The main difference between the urban and rural guerilla is marked by the territory and the conditions of reality [material conditions?]. The urban guerilla develops its military political activity in the cities of Colombia under the conditions implemented by the enemy and the devices of imperialism. The struggle of the urban guerilla is clandestine, compartmentalized, and with methods of security that allow action, to be invisible, and carry out different logistical military and political tasks in the enemy’s rear. For its part, the rural guerrilla moves and acts in different territories, suburban and rural, where the devices of enemy action and control are different from those of the guerrilla force. The rural force comprises a strategic accumulation that contributes to building popular power, legitimacy and political force, while at the same time waging the military confrontation with the enemy forces. Both the urban and rural struggle are framed in a resistance struggle.
The urban guerrilla develops a plan in an integral way, politically, militarily, logistically, etc. in the city. In the framework of the resistance struggle, the urban struggle has a first order and seeks to contribute to the insurrectionary uprising of the people, aware that the armed struggle of the ELN is part of the struggles of the people and country. The arms of the ELN are designed to help strengthen the people’s struggle and advance the political struggle.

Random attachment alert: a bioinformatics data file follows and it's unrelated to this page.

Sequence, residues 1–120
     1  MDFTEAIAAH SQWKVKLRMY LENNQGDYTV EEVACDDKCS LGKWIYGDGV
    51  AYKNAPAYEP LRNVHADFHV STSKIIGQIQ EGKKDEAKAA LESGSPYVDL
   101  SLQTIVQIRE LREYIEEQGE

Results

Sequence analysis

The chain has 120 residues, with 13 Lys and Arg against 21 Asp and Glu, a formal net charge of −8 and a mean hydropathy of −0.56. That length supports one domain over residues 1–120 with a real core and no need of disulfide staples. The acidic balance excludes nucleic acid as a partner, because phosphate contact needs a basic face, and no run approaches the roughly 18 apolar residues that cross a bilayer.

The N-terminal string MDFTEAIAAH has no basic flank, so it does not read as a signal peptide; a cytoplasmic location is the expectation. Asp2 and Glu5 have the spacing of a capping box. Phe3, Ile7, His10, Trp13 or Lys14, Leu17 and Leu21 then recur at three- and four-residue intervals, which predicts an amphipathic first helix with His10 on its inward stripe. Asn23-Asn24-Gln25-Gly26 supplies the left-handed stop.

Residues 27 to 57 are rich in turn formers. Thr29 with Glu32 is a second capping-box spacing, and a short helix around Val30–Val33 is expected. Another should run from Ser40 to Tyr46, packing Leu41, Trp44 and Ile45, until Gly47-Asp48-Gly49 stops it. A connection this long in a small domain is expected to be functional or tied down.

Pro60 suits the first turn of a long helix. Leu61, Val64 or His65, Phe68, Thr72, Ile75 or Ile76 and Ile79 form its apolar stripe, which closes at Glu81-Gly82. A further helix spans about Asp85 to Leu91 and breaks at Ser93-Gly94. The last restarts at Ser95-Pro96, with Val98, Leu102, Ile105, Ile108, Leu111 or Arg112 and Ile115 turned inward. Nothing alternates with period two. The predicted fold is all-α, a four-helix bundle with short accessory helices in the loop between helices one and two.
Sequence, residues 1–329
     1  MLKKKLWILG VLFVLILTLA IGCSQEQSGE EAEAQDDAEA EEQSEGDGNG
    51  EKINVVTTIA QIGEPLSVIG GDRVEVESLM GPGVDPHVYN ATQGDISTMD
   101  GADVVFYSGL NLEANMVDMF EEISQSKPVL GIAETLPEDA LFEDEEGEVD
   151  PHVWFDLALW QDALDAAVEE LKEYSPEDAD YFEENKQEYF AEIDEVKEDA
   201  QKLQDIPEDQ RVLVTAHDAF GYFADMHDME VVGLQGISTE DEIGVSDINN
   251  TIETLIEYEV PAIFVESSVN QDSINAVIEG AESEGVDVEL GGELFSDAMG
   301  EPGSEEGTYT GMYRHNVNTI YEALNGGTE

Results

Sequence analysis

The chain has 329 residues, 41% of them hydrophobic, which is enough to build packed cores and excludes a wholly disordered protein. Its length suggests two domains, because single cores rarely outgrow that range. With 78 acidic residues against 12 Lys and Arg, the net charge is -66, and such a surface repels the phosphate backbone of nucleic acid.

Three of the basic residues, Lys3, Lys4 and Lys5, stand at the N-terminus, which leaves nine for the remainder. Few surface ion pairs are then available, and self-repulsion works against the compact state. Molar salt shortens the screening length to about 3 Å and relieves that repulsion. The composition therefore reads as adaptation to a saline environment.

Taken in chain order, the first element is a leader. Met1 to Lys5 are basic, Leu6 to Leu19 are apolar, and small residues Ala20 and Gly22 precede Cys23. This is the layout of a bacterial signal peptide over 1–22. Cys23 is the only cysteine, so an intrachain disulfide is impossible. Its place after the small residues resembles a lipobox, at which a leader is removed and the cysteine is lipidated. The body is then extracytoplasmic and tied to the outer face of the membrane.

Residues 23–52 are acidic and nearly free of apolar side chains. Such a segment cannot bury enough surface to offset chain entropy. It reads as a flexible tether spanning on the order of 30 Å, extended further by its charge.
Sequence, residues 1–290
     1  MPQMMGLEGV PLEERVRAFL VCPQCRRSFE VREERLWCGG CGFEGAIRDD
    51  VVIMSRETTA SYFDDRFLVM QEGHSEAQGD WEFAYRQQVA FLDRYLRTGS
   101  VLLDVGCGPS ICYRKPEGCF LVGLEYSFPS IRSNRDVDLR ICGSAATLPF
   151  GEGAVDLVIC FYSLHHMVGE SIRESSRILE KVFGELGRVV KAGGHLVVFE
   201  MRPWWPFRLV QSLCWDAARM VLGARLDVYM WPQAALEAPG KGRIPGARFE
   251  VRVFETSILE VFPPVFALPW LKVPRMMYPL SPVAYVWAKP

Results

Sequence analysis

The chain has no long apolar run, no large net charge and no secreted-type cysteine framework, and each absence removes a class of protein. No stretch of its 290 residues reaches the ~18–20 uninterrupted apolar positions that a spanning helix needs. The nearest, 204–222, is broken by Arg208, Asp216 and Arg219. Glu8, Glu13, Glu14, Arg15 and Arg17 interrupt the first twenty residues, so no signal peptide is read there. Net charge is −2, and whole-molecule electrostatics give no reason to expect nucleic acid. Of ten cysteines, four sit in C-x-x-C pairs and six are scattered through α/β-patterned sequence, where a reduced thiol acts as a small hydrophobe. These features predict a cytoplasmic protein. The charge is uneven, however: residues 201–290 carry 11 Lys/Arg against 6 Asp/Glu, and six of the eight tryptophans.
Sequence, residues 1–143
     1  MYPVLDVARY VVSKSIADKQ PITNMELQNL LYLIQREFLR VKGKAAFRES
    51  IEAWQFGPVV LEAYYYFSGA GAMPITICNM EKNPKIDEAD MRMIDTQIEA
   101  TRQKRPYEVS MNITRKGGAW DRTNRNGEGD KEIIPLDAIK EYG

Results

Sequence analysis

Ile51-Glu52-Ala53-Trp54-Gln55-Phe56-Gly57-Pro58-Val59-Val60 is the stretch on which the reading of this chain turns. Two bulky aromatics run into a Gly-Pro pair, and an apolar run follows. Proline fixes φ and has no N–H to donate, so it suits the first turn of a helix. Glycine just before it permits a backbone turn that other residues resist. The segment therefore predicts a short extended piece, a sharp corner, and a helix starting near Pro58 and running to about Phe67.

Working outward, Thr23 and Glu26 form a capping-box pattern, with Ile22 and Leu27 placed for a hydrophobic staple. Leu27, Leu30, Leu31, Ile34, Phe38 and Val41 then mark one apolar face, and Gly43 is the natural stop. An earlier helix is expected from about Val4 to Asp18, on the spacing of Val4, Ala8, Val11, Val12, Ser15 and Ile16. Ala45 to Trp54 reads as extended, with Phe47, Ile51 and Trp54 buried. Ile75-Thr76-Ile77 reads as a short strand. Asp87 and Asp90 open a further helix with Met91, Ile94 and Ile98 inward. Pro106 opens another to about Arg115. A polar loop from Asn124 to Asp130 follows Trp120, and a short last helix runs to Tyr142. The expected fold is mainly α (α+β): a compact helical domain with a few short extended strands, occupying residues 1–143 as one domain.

Q: How has the urban Guerilla developed over the years?
[To the question, our dialogue partners inside the Frente Urbano did not answer directly, but with a document from the leadership of the FGUN-ELN (Dirección Frente de Guerra Urbano Nacional – ELN, English: Leadership of the National Urban War Front – ELN). We will translate the document in its entirety below:]